Neuheisel said he feels vindicated by settlement
KENT, Wash. -- Fired Washington football coach Rick Neuheisel left a King County courtroom with a $4.5 million settlement in his lawsuit against the NCAA and university.
Just as importantly, he claimed victory in his 21-month legal battle and put closure to a dispute that had threatened his coaching career.
"I feel fully vindicated," Neuheisel told reporters Monday. "Obviously, they're going to have their stories, too, but I feel like this is the best scenario. Nobody's nose gets bloodied."
The settlement was announced by Superior Court Judge Michael Spearman after five weeks of testimony, just as jurors --reportedly leaning in Neuheisel's favor -- were set to hear closing statements.
It capped a lengthy and bitter legal fight, starting with Neuheisel's firing in June 2003, that publicly exposed the NCAA and university to embarrassing administrative gaffes and left Washington's once-proud football program in tatters.
"I'm elated that it's over. It's been 21 months and it's been hard," said Neuheisel, who signed autographs for jurors.
Neuheisel will receive cash payments of $2.5 million from the NCAA and $500,000 from the university. Additionally, the university agreed not to seek repayment of a $1.5 million loan.
"The legal system works," Neuheisel said. "The players got together and found an amicable resolution. I'm thrilled to be moving on."
Neuheisel's lawyers put the settlement amount at $4.7 million, saying it included $200,000 in forgiven loan interest. University officials insisted the settlement included no such provision.
Jurors took a straw poll shortly before they were dismissed and the tally favored Neuheisel "60-40," one juror, Nikki Peterson, a commercial insurer in Redmond, told the Seattle Post-Intelligencer.
"I thought everyone was at fault to a certain degree," added juror Johanna Brackett, 24, a nurse who graduated from Washington State University last year. She told the newspaper she thought the settlement was reasonable.
A third juror, Joseph Majack, 55, of Enumclaw, said he would have favored a judgment that gave Neuheisel nothing except not having to repay the loan.
"In my mind, (the settlement) was more generous than what would have come from the jury," Majack said, "but there was plenty of fault all around."
The genesis for a settlement was a monumental trial development Feb. 28. NCAA lawyer John Aslin disclosed that the organization failed to provide Neuheisel's legal team with an updated version of its bylaws during discovery.
At issue was whether those questioned by NCAA investigators must be notified of the purpose of the interview. It turned out the NCAA had amended its bylaws to require such notification six weeks before Neuheisel's June 2003 interview.
The finding seemed to bolster Neuheisel's argument that NCAA investigators acted improperly, since they hadn't advised him they would ask about his gambling in an auction-style pool on NCAA basketball games.
NCAA president Myles Brand said in a statement Monday that the organization believes its investigators acted properly. He said when the bylaw was redrafted, it wasn't intended to be interpreted so broadly.
However, Spearman decided last week to leave open the possibility of a mistrial. The judge also ordered restrictions on how the NCAA could present its case during the trial's final week.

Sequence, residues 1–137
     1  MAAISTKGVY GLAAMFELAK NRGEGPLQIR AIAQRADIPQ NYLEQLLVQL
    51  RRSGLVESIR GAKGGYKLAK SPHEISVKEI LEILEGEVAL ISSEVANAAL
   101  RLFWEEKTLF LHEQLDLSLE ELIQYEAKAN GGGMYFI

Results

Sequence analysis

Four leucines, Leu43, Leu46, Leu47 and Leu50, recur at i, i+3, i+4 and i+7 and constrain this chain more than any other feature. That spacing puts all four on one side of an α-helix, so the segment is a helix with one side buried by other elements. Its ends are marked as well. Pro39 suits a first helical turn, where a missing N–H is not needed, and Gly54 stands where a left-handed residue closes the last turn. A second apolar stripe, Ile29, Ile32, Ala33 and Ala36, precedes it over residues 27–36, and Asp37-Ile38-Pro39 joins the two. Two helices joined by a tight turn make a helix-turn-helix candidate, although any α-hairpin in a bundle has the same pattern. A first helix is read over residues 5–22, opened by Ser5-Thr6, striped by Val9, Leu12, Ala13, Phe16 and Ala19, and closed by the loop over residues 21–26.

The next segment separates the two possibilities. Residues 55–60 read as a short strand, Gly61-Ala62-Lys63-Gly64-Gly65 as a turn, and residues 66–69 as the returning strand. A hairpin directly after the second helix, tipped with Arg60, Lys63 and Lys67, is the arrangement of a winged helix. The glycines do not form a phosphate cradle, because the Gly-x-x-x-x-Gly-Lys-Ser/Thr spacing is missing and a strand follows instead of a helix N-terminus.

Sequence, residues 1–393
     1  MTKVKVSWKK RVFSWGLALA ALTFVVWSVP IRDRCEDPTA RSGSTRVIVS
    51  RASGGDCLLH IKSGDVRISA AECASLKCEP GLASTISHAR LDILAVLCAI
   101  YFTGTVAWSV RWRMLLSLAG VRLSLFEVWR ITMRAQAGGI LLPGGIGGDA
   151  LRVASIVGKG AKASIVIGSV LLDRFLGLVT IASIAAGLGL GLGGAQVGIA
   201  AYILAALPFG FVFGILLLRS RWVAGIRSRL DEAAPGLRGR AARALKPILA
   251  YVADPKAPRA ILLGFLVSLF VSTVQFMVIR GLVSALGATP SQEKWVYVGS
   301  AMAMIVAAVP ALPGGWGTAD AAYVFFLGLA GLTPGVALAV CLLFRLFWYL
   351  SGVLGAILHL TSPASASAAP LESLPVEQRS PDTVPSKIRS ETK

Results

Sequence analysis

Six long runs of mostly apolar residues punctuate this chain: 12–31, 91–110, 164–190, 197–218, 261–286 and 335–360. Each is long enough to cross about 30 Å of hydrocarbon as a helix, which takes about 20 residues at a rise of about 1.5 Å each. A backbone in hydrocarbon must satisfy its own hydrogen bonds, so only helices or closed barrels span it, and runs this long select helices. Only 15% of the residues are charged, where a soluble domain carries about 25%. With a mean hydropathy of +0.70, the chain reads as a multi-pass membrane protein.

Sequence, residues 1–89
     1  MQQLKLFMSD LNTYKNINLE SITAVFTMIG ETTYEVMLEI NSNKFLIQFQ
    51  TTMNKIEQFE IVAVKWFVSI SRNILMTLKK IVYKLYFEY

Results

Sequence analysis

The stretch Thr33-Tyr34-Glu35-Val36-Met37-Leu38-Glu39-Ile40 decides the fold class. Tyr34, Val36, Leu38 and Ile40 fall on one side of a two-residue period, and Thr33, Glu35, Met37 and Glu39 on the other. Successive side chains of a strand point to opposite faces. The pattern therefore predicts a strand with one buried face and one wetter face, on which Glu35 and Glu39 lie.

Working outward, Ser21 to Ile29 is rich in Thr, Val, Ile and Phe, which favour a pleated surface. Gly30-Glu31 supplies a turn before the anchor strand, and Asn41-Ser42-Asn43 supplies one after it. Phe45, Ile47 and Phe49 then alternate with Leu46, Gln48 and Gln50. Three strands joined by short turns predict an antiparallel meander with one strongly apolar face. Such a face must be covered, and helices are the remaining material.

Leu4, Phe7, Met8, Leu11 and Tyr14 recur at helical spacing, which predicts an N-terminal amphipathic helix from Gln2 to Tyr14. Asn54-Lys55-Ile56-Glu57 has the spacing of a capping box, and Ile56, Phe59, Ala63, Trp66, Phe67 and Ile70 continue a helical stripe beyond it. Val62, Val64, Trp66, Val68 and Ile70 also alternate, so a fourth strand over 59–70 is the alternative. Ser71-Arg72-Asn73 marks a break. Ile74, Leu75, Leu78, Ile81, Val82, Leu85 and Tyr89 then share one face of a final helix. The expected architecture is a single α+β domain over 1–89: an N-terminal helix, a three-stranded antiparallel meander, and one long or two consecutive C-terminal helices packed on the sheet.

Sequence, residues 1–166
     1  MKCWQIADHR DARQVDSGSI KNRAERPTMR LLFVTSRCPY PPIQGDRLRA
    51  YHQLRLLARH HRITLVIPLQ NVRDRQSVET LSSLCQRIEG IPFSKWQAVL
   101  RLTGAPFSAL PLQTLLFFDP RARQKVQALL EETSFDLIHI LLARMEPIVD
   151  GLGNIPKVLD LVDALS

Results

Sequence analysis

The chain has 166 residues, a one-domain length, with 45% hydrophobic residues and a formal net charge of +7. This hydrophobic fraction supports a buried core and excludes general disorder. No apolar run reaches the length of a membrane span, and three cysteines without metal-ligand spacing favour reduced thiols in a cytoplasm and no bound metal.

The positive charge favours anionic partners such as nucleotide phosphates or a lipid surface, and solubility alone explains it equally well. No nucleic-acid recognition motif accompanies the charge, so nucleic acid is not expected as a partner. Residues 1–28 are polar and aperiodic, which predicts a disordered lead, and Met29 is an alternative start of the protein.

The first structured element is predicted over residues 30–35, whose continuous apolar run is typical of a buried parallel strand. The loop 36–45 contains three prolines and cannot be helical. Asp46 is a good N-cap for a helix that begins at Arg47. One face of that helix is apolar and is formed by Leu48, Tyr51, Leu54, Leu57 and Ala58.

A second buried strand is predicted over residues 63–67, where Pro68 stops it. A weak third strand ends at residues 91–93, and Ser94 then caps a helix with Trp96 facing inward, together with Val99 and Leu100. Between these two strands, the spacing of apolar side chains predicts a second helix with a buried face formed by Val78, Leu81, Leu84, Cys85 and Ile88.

Aslin said that made it more difficult to present an adequate defense.
"In light of everything going on, we felt the appropriate thing to do was to resolve the case," Aslin said.
Last fall, the NCAA infractions committee found Neuheisel violated NCAA rules against gambling but didn't sanction him, citing a memo by Washington's former compliance officer that mistakenly authorized gambling in off-campus NCAA basketball pools.
University lawyer Lou Peterson said Washington administrators agreed to the settlement because the school "could settle for less than 10 percent of the amount sought against us."
"I feel we came out a winner," Peterson said. "There was never an opportunity to settle this case at any time before last weekend in any way approaching the settlement that the University of Washington achieved."
Neuheisel starts his new job next week as quarterbacks coach of the NFL's Baltimore Ravens. He insisted he bears no resentment toward Washington or the NCAA, and he even expressed hope he might coach college football again.
"I hope I have the opportunity," he said. "But I'm focusing right now on the opportunity to coach Kyle Boller and seeing if the Ravens can't get to the Super Bowl. It's in Detroit next year. I've already checked."
Neuheisel had accused the university of wrongfully terminating his contract and the NCAA of encouraging Washington administrators to fire him.
"I have great respect and admiration for the University of Washington and the NCAA," Neuheisel said. "It was the toughest decision I've ever made in my life, going to court against them.
"I didn't feel the story was fair or right. I had to stand up," he said.
The university argued that Neuheisel's contract allowed him to be fired for acts of dishonesty. School officials said he was fired for gambling on NCAA basketball, and for lying when first questioned by NCAA investigators.
In four seasons with the Huskies, Neuheisel had a 33-16 record, including a Rose Bowl victory in 2001 and a No. 3 national ranking. He was 33-14 at Colorado, his first head coaching job, from 1995-98.
Copyright 2005 by The Associated Press
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